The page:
We understand just how difficult it is for our patients not being able to see family while they are in our care at the moment. It is especially hard for patients who are unable or unfamiliar with using mobile phones to keep in touch with family. We have found that putting photos of family or loved ones in our patient rooms has brought a huge sense of comfort and calm to them. Our medical social workers are very happy to facilitate this if a patient and their family would like to have photos of family members or loved ones in their room while they are in our care. To discuss this please contact the social work department on 01 8032406, or alternatively you can email firstname.lastname@example.org with your contact details and also the name and ward of the patient and the team will get back to you.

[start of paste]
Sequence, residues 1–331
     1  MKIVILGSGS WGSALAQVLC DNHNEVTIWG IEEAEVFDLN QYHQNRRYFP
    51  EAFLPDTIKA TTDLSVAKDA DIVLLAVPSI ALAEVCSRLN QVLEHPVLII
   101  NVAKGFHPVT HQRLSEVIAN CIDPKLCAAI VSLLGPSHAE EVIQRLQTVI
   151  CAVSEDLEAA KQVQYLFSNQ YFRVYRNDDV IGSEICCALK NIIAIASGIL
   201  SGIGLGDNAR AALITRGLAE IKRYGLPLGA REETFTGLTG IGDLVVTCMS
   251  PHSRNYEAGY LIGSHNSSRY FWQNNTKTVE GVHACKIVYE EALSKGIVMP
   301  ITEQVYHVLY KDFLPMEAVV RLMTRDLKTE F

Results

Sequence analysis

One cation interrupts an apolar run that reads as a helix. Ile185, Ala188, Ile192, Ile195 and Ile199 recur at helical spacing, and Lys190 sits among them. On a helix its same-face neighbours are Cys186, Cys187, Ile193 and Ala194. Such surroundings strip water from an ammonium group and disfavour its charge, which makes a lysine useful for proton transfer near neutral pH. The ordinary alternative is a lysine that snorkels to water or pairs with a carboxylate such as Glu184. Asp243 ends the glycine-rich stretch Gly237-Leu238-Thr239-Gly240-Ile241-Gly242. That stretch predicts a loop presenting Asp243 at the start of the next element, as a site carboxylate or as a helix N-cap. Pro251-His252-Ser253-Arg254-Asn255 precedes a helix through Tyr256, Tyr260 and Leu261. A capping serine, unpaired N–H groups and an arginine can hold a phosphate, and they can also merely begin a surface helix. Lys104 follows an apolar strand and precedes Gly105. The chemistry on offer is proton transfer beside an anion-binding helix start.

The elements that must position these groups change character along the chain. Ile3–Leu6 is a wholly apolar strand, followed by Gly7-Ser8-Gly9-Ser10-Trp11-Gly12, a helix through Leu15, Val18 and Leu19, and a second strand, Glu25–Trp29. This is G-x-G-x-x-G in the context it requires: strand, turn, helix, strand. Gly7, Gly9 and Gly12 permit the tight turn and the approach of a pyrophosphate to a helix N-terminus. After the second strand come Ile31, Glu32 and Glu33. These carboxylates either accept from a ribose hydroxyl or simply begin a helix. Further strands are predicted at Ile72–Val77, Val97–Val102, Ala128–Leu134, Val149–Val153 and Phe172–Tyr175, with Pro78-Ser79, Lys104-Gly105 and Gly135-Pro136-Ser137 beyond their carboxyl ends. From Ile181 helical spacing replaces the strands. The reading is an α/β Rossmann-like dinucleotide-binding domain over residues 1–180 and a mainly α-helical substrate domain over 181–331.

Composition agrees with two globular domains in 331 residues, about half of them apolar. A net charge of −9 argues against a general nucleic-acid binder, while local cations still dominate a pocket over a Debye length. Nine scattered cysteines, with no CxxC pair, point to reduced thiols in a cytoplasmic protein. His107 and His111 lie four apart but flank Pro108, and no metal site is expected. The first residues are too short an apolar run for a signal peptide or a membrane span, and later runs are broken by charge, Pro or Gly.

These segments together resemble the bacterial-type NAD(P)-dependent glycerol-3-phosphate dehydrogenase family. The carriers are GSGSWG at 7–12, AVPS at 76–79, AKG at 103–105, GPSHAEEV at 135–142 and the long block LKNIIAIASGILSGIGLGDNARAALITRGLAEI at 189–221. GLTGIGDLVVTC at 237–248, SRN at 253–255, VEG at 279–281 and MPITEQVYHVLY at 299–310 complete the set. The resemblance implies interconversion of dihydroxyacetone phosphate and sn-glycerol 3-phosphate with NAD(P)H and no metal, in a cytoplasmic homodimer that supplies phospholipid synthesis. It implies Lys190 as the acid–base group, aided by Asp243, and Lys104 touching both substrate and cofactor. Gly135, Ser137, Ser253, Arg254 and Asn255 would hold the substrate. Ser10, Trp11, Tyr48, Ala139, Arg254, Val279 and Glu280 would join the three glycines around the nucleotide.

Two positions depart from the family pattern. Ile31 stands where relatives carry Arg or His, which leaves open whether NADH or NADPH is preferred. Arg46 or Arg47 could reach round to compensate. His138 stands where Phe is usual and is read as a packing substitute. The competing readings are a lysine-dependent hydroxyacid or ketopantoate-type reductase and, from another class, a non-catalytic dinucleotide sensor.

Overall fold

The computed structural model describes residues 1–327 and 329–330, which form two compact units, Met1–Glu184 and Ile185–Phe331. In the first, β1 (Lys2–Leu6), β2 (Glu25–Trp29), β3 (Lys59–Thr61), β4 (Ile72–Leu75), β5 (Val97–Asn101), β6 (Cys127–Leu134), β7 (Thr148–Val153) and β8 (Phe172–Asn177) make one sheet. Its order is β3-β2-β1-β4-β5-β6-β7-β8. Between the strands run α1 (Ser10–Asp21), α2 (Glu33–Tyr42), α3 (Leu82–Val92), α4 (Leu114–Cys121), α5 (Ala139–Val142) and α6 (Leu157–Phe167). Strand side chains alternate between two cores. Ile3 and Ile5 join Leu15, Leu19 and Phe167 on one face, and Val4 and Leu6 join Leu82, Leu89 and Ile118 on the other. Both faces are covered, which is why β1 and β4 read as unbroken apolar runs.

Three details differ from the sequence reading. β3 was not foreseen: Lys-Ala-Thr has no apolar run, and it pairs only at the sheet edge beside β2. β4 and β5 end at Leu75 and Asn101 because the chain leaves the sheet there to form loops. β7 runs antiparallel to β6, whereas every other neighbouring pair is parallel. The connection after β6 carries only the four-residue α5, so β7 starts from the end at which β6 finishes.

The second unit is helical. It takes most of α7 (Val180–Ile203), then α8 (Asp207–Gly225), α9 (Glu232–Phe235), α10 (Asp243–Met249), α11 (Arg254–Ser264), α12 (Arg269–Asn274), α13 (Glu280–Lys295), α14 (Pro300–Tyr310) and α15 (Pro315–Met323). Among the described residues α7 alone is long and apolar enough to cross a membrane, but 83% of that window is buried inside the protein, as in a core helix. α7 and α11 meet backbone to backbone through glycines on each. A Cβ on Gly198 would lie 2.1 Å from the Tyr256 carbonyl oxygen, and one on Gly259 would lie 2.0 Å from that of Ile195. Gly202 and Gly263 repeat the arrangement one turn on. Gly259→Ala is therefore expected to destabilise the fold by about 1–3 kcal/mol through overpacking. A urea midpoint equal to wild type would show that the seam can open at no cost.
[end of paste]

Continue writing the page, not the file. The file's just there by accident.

If you feel that our Medical Social Work Department could support you/your family member in our care in another way, please do not hesitate to get in touch and let us know by emailing us at the above email address.
We know how upsetting and difficult it is for patients to not to be able to have visitors in hospital during this challenging time.
We've created a new email inbox where family & loved ones can send a letter or message to a patient to brighten up their day.
Just email your letter or message to email@example.com along with the patient name, patient date of birth or address (so we can ensure post goes to correct patient) and the ward name. The Patient Liaison Team will then print it out, put it in an envelope and hand deliver it to the patient's ward for you.